Egypt Regime Digs in as Death Toll Mounts in Tahrir Square

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The Guardian/UK

Egypt Regime Digs in as Death Toll Mounts in Tahrir Square

Mubarak: 'If I resign today there will be chaos' • 10 dead and hundreds injured in fresh crackdown • Journalists arrested and attacked by pro-Mubaraks

by
Jack Shenker and Peter Beaumont in Cairo, Harriet Sherwood in Alexandria, and Julian Borger

The Egyptian regime dug in today, defying international pressure to
begin an immediate transfer of power while launching attacks on
journalists and human rights observers.

Egypt's
vice-president Omar Suleiman offered political concessions, inviting
the long-banned Muslim Brotherhood to a dialogue. However, the Islamist
movement and other opposition parties have refused to talk until
President Hosni Mubarak steps down.

Mubarak
told America's ABC News tonight: "I am fed up. After 62 years in public
service I have had enough. I want to go." But he added he could not
step down immediately for fear that the country would sink into chaos.

He said he had told Barack Obama: "You don't understand the Egyptian culture and what would happen if I step down now."

The
government's readiness to negotiate, following Mubarak's own promise
not to run for re-election in September, also failed to stem the
pressure for faster and more radical change from anti-government
protesters on the streets of Egypt's cities and from other world
leaders.

Ten people were reported dead and 800 injured yesterday
at the focal point of the struggle, Tahrir Square, in Cairo, after the
president's supporters mounted attacks on the crowd of protesters.

The
army made sporadic attempts to separate the two sides , swivelling the
gun turrets of their tanks in an effort to disperse the skirmishing
groups and pushing pro-Mubarak groups off a bridge over Tahrir Square,
but the troops did not intervene decisively to stop the violence.
Clashes with stones, petrol bombs and occasional gunshots continued
throughout the day.

Meanwhile, pro-government mobs tracked down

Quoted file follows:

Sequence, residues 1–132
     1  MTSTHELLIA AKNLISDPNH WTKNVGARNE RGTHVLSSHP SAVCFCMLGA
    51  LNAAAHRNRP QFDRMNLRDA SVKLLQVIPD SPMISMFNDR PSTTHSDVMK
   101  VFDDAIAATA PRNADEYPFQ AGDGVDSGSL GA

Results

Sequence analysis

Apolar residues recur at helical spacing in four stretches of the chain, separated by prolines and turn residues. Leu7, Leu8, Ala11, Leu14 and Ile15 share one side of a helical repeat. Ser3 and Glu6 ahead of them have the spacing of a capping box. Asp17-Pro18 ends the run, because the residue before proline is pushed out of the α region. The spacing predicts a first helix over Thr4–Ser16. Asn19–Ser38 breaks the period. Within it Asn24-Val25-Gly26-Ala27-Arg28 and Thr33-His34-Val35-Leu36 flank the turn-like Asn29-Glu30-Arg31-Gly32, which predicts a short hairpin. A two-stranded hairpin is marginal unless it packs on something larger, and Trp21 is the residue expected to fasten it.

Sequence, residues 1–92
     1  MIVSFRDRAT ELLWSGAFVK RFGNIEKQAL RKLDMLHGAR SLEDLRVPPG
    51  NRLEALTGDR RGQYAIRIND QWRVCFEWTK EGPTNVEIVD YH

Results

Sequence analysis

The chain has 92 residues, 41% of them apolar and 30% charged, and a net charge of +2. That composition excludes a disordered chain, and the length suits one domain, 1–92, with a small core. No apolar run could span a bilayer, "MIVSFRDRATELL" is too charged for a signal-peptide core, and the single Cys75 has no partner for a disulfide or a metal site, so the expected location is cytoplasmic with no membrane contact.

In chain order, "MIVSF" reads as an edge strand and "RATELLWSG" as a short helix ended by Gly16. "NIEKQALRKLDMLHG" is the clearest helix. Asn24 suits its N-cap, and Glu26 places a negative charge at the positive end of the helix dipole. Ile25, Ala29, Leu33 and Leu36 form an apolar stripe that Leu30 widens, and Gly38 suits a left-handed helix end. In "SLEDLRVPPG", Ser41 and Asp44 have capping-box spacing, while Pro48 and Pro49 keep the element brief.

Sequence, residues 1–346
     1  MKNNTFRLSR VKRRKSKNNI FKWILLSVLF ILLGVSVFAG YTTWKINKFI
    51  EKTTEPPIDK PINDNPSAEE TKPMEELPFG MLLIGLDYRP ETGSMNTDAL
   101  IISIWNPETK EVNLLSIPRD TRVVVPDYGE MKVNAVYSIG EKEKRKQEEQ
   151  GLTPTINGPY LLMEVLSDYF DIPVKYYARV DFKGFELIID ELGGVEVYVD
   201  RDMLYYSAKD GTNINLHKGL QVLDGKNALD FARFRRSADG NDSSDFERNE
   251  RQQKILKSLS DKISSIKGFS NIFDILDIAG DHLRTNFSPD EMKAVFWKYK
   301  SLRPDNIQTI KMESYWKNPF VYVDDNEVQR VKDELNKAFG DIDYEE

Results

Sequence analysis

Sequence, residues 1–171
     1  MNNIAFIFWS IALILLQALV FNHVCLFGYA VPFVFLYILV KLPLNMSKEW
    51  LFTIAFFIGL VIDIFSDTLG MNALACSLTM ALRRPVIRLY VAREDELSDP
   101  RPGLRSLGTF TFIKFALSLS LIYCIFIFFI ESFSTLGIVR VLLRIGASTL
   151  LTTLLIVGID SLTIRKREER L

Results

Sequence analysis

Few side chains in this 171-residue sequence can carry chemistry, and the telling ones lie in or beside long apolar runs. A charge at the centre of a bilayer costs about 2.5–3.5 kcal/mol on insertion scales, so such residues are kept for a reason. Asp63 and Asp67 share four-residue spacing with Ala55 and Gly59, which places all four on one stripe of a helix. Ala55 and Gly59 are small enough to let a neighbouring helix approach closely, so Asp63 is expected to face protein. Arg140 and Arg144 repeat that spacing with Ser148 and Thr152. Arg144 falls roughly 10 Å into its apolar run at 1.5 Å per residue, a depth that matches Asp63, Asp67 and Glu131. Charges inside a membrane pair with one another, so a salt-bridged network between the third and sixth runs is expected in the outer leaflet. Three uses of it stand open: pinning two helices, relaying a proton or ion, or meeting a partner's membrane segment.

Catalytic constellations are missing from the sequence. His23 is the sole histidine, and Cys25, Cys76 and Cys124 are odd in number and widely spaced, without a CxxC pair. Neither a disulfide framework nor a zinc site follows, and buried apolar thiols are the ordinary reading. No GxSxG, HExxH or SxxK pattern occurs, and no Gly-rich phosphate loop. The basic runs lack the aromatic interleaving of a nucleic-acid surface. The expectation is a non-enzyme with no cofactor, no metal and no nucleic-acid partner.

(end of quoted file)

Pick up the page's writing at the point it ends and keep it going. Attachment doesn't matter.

and beat Egyptian and international television crews and reporters,
forcing their vehicles off the roads and besieging their bureaux and
hotels.

The New York-based Committee to Protect Journalists said
correspondents from CNN, Associated Press, and al-Arabiya television
were among those attacked. The Qatar-based al-Jazeera, which has been
ordered to cease broadcasting from Egypt, said three of its reporters
had been arrested and one was missing. Dozens more journalists were
detained.

"The Egyptian government is employing a strategy of
eliminating witnesses to their actions," said Mohamed Abdel Dayem, the
regional coordinator of the Campaign to Protect Journalists, reflecting
fears that the crack-down presaged an all-out attack on the protesters.

The
US administration also denounced what it described as "systematic
targeting" of the media. The US state department spokesman, PJ Crowley,
said: "There is a concerted campaign to intimidate international
journalists in Cairo and interfere with their reporting. We condemn such
actions."

Egyptian and international human rights workers were
also detained when police raided a law centre in Cairo. Staff from
Amnesty International and Human Rights Watch were among those picked up
and the organisations said their whereabouts was unknown.

The
government combined the crack-down with political concession aimed at
drawing the sting from the revolt. The prime minister, Ahmed Shafiq,
acknowledged that the attacks on anti-government protesters "seemed to
have been organised", and he promised an investigation into who was
behind them.

Suleiman, the intelligence chief and newly-appointed
vice-president, said Mubarak's son, Gamal, would not stand for the
presidency this year, as had previously been expected. He added that he
had invited the Muslim Brotherhood, which has been banned throughout
Mubarak's 30-year reign, to join a dialogue on Egypt's future. But he
said the group had been "hesitant" to take part. The Muslim Brotherhood
and most of the secular opposition are demanding Mubarak's resignation
as a precondition for negotiations.

The vice-president repeatedly
insisted any political changes would take time and could not be rushed.
It would take 70 days to explore possible constitutional amendments,
Suleiman said.

However, a chorus of foreign leaders maintained calls for more immediate and profound reform.

David
Cameron issued a joint statement with the leaders of France, Germany,
Italy and Spain saying: "Only a quick and orderly transition to a
broad-based government will make it possible to overcome the challenges
Egypt is now facing. That transition process must start now."

The
European leaders were echoing Obama's call for change to begin at once,
but like him stopped short of calling directly for Mubarak's immediate
resignation.

The UN secretary general, Ban Ki-moon, went further.
Speaking to journalists in London, he said: "President Mubarak's
announcement that he will stay until the end of his term and will not
run for re-election – I'm not sure that will satisfy the demands of his
people. If there is a need for change, it should happen now."

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